• Autumn
    2019-02-03 16:55

    there are two kind of secrets: those we keep from others and those we hide from ourselves....are you willing to share yours???this book was so liberating, as it was comforting.I dont think i can describe with words the emotions, thoughts, insight it gave to me. How much pain, frustration, shattered dreams, fears, hopes.. can all be condensed into a simple sentence. these simple revelations had so much substance. I laughed, cried, gasped.. and of course; empathize,because many of this quiet thoughts were ones of my own.. what a creative project Frank! Excellent book!

  • Fatimah
    2019-02-09 18:55

    While reading this, I realize I'm not the only one who has weird and wild belief or secrets. Some of my secrets were written there and when I saw them, I don't know how to react. In life we sometimes thought we're the only one experiencing terrible things but no, someone out there is experiencing that too. I don't know if we should be happy about it or sad. One thing I know is that we're not alone.

  • Rezvap2
    2019-01-23 19:05

    How I wish I could hug everyone and tell them that it's okay. It's okay to be scared and angry and hurt and selfish. It's part of being human. A must read every one!

  • Chris Freeman
    2019-02-22 17:05

    The big secret: people are lonely and unhappy with themselves. I don't mean that as sarcasm, I mean that the anonymous secrets in this book (and updated everyday on the website) are proof that struggling is universal.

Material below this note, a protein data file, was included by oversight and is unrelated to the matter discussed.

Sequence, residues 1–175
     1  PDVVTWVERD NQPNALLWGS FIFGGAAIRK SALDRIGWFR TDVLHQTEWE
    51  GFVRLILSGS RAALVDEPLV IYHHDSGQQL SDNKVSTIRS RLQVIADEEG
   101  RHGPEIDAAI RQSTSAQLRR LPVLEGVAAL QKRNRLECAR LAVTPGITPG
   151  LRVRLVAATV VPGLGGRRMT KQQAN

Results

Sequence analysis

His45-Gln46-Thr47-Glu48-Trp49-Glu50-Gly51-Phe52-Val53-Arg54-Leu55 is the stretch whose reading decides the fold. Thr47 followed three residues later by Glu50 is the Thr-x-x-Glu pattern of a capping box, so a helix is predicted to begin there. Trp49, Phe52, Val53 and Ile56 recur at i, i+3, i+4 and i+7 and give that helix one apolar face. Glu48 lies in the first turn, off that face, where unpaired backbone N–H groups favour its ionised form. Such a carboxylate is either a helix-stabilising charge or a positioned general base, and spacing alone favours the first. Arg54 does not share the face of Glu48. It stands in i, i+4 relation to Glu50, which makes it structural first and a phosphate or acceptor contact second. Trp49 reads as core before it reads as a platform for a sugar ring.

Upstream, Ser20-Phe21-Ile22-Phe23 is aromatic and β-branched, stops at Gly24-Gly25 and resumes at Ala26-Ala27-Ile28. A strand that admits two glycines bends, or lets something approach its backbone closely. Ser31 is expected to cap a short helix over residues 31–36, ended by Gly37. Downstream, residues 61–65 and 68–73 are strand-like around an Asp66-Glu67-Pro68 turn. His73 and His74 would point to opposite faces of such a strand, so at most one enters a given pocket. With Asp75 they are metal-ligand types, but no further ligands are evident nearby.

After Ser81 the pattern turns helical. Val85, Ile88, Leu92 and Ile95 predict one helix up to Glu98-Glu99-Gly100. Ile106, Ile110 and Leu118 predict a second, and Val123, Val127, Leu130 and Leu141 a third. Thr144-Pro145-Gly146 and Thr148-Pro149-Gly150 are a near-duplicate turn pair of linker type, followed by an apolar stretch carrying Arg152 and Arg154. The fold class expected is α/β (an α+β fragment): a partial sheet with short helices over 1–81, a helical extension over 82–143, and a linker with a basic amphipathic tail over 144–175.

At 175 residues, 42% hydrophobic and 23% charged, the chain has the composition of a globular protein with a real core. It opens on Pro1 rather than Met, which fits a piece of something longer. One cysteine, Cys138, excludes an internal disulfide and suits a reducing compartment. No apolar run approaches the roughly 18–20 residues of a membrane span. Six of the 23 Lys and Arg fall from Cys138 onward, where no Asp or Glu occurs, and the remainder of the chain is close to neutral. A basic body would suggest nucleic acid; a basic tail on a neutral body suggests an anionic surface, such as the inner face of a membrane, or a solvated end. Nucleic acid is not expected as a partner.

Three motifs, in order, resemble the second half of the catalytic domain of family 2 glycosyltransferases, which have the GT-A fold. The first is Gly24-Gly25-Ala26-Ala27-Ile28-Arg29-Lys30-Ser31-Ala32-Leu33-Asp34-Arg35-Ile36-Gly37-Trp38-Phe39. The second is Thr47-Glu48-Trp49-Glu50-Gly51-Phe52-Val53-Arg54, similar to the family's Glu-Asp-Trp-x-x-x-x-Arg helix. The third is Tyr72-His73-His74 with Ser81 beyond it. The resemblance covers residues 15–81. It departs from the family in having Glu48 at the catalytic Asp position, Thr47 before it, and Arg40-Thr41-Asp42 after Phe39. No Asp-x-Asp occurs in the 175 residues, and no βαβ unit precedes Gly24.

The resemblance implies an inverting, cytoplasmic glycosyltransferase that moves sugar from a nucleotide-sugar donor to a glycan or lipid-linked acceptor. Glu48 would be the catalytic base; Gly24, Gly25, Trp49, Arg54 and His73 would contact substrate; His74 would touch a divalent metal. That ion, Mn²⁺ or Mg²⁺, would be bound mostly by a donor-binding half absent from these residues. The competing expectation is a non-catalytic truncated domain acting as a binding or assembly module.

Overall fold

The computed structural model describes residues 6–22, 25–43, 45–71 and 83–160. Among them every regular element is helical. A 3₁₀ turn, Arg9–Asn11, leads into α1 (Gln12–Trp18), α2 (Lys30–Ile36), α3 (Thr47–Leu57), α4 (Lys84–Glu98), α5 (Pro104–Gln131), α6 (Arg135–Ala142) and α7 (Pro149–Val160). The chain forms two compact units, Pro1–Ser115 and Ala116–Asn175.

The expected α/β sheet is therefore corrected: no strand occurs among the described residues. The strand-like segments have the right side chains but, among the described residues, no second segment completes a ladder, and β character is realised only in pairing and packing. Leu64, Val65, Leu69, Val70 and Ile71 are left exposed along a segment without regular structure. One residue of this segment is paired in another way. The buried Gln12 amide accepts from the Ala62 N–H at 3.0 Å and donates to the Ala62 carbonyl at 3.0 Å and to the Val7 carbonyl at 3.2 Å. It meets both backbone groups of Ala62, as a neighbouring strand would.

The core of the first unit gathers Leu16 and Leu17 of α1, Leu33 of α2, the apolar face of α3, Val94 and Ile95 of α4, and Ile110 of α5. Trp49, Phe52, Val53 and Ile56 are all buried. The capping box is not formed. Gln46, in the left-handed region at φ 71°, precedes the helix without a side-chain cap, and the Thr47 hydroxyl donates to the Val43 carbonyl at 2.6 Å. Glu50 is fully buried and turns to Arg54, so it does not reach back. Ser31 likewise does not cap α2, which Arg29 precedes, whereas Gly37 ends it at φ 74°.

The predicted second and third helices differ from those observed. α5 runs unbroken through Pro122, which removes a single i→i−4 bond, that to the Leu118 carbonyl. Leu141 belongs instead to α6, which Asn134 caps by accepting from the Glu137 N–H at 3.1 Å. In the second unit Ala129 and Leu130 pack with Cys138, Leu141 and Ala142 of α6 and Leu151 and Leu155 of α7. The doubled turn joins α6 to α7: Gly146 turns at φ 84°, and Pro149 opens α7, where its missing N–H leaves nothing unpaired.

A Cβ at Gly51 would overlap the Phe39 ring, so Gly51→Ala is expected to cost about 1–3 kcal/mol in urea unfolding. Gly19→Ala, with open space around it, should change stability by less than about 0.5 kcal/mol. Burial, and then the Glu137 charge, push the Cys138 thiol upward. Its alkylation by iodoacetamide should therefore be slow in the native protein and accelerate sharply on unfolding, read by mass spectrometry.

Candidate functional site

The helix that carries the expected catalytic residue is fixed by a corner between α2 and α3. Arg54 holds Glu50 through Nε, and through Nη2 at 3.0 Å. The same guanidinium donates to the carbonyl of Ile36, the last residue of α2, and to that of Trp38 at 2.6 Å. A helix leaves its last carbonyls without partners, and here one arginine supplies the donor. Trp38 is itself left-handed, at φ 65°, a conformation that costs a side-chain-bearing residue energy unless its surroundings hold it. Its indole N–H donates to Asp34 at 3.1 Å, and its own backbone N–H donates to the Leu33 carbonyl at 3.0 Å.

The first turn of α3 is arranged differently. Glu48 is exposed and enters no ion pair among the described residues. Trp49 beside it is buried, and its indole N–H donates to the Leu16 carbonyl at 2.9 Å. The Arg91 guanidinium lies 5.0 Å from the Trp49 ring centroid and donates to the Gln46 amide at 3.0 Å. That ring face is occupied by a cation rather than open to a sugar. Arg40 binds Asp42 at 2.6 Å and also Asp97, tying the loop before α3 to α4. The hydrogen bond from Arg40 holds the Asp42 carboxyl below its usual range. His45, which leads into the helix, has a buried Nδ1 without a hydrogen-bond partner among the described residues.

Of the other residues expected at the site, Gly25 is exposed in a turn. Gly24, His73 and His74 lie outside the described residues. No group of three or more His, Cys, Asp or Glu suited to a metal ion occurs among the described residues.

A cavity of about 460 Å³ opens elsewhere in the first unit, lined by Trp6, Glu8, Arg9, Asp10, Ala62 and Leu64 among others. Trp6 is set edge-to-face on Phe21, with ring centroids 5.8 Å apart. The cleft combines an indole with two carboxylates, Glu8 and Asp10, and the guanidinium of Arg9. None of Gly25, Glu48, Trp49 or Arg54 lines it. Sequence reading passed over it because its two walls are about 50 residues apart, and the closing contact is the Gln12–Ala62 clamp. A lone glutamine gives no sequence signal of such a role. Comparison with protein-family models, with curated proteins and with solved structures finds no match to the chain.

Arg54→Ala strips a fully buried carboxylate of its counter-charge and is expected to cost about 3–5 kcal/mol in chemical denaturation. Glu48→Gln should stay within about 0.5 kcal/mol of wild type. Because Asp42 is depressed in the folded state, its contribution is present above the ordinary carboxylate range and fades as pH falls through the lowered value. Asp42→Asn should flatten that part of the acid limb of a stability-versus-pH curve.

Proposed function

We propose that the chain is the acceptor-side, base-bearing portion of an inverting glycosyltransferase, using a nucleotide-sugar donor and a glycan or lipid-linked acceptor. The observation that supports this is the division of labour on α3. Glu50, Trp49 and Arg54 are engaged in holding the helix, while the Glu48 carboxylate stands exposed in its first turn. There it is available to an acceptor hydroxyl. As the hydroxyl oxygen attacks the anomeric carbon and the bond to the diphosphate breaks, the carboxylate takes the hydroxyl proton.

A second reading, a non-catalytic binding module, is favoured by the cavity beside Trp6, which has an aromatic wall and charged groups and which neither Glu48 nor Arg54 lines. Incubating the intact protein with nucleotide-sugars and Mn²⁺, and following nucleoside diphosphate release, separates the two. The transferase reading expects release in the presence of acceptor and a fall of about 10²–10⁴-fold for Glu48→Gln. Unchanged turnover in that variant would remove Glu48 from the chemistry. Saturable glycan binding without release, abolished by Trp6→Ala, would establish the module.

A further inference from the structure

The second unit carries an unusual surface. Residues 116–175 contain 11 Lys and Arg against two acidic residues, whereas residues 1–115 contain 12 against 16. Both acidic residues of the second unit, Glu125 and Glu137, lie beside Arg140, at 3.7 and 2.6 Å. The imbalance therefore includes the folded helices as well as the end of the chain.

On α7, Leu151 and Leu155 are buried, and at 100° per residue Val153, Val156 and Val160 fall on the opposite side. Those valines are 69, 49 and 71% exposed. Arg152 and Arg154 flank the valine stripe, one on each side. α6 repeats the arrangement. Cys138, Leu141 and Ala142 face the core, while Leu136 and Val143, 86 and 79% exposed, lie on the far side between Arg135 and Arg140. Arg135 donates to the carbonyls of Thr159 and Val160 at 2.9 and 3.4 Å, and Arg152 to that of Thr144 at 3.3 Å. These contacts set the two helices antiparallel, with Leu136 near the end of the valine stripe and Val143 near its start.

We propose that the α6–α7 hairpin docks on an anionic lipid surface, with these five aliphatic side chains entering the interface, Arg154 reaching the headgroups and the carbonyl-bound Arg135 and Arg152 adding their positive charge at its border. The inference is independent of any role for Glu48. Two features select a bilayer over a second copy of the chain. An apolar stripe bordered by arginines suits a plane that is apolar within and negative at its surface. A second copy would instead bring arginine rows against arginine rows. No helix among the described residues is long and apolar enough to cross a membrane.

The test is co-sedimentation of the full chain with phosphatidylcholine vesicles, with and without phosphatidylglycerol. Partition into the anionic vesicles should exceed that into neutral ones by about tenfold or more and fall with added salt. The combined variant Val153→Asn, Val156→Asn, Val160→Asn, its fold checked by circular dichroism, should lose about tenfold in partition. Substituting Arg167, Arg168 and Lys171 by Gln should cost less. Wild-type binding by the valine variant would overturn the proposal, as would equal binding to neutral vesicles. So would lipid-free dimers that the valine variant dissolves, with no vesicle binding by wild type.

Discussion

• Megan
    2019-02-06 20:53

    A fun read. He invited people to mail him anonymous postcards with a secret. The book is all of those secrets. Some people have lived with horrible secrets, others are just funny (ex. - I like to pee when I swim). A quick look at all the postcards.

  • Dan
    2019-02-11 16:04

    There was a postcard written in my handwriting... It wasn't me, but it made me think that I had sent one and had forgotten about it. :/

  • Gauri
    2019-02-02 19:47

    Warren created a project in which he would ask for anonymous submissions of postcards which had their mailers' secrets on them. It was meant to be a way for people to let go of their guilt and feel lighter by not being the only ones who knew about them. The project became huge as thousands upon thousands mailed in their confessions, and so this book of curation was created. Some submissions are lighthearted, casual admissions, while many others are very dark and unfortunate. I think what garners people's curiosities and sympathies towards these submissions is the universality of suffering. This book is almost a sentimental celebration of suffering. There is a quote included in the middle of this book that I think expresses the success of this project well: "Without suffering, there would be no compassion."Here is the official website where you can see some of the more recent entries:

  • Jessietaylortanner
    2019-01-30 15:55

    I have leafed through this in bookstores in the past but never from cover to cover. Since I have learned the wonders of the public library system I was finally able to pore over it, giving it the attention it deserved. I love this book. I love the concept. I love the art. I love the individual expressions (and confessions)of things that can be unifying and liberating to the masses. There are many secrets that i could do without, usually of a sexual nature, but you can't really censor people's secrets. You get what you ask for and sometimes it comes in graphic form. Such is art. I felt like it gave me an unfiltered look at humanity that left me sympathetic, hopeful and inspired.